Early signs suggest new stamp duties haven't reined in prices
While sales have slumped in the wake of the levy, strong interest from wealthy locals in buying second flats has helped support home prices
At the end of October, the Hong Kong government slapped a punitive 15 per cent stamp duty on all non-resident and corporate buyers of residential properties in an attempt to make homes in the city more affordable for locals. More than two months later, we are beginning to get a taste of how the policy is working.
Clearly the new stamp duty, introduced at the same time as tax rates on quick sales were jacked up, is having an appreciable effect.
We can see that simply by looking at transaction volumes in the residential market. In November, immediately after the new duty's introduction, sales fell by almost 20 per cent compared with the month before. In December, they slumped another 50 per cent.
No doubt some of this fall was because of seasonal factors. December is seldom a great month for home sales. But transaction volumes last month were also down by 24 per cent compared with December 2011, which suggests the punitive tax rates are indeed deterring some would-be buyers.
What's more, although sales dropped across the board, the greatest falls took place at the pricier end of the market among flats worth HK$5 million or more. And November's numbers indicate that the slide in volumes was concentrated disproportionately in the primary market.
So it looks as if the punitive tax rates are succeeding in scaring away speculative buyers and those who don't hold Hong Kong permanent residency.
But it doesn't follow that deterring non-resident purchasers will make homes more affordable for locals.
Given the influx of foreign professionals into the city over the past few years, especially from crisis-hit Europe, it seems likely that many of the would-be buyers lacking permanent identity cards were not the out-of-town speculators of local legend, but recently arrived families making a life in the city.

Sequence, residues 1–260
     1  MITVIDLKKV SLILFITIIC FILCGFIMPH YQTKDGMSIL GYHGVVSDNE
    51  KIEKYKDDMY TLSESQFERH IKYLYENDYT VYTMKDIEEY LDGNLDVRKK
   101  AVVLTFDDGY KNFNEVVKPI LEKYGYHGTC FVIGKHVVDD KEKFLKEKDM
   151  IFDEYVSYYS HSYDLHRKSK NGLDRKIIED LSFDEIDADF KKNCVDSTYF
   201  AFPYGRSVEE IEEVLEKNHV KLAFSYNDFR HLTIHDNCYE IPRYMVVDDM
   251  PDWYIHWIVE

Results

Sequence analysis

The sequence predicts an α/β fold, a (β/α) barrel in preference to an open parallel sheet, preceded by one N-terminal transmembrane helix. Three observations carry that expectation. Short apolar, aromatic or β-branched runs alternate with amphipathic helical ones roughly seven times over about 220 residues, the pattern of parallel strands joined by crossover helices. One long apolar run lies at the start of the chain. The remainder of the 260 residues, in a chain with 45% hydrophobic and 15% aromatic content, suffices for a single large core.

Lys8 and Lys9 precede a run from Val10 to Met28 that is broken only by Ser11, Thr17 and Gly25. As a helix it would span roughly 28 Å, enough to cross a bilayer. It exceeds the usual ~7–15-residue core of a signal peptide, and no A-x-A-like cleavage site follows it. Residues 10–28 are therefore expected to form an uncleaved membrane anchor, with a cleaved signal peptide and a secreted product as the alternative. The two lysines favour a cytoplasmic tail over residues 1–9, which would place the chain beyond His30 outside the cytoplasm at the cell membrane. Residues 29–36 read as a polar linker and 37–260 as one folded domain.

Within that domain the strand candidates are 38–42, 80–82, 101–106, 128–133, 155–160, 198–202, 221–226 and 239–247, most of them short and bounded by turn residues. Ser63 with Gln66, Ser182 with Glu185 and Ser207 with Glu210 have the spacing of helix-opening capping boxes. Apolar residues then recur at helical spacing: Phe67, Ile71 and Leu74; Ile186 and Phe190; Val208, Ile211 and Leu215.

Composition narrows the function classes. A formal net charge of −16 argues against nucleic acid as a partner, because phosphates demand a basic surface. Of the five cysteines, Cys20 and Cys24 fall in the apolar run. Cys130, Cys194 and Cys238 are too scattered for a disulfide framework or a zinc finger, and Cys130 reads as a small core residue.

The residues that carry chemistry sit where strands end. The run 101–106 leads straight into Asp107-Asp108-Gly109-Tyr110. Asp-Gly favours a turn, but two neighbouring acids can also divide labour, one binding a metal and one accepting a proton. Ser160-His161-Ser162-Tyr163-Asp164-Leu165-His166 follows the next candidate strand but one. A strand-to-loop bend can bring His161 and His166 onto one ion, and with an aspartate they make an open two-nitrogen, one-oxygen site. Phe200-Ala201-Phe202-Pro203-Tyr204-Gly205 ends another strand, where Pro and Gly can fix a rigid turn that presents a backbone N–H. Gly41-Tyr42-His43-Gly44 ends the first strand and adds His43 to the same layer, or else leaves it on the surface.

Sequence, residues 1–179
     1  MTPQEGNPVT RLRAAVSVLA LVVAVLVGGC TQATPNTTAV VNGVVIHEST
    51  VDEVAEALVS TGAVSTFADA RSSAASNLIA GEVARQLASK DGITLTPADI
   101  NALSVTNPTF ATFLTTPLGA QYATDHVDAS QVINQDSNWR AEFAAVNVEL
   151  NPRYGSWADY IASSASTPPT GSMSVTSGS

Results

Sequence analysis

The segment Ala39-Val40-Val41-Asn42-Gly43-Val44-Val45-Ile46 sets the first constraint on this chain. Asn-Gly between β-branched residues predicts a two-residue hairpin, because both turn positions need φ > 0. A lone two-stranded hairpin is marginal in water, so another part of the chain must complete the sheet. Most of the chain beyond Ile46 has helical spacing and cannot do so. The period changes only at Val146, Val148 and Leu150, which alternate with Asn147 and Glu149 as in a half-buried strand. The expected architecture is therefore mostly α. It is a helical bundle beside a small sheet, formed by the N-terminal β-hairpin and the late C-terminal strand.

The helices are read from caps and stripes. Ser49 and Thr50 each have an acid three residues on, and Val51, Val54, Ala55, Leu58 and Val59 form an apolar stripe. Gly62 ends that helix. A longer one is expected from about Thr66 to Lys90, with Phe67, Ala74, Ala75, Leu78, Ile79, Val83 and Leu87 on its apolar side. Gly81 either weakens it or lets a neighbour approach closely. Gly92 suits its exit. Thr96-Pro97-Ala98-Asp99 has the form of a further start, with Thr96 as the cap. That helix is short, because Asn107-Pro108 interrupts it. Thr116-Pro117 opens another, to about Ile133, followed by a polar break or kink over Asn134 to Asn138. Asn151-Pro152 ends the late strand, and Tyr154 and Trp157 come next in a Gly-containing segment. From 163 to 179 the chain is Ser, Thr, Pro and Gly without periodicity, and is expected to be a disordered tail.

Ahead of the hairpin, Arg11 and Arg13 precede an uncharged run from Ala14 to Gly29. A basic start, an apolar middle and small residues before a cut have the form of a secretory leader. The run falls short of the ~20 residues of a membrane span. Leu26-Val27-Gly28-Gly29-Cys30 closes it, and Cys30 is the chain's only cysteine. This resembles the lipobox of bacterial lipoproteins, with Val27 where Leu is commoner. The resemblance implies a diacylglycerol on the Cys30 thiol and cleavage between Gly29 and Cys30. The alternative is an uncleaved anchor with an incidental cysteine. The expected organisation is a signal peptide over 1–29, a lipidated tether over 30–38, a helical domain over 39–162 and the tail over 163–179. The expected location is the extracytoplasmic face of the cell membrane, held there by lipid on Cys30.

If they can't buy, those families will naturally turn to the rental market, and that will tend to push rents higher.
It's hard to tell from the sketchy data so far, but this may be what we are seeing. According to the Ratings and Valuation Department, rents on flats with a floor area between 750 and 1,100 sqft rose 1.3 per cent in November. Annualised, that equates to an increase of 17 per cent.
Normally we are used to the idea that rising property prices tend to push rents higher. But the tail can also wag the dog.
A higher rental income makes it more attractive for existing owners with permanent residency to remortgage their homes and use the proceeds as a down payment on a second flat that they then rent out.
And that's what appeared to happen in November, with the number of refinancing mortgages jumping to its highest level in 17 months.
Stronger interest from wealthy locals in buying second flats, combined with the deterrent effect of the government's special stamp on sellers, adds up to some significant support for home prices, especially in the secondary market.
As a result, it should be little surprise that according to official figures, residential prices continued to grind higher in November, despite the government's efforts to massage them down.
And it looks as if the trend may have continued through December. The leading index of residential prices compiled by Centaline Property Agency has now climbed by 1.25 per cent since the late October imposition of the buyers' stamp duty on non-residents.
It's early days yet, of course. But it seems that despite a steep fall in transaction volumes in the primary market, the government's attempts to cool the property market have done nothing yet to make prices more affordable.
In fact, if the Centaline index is anything to go by, after an initial dip, home prices have already resumed their upward march.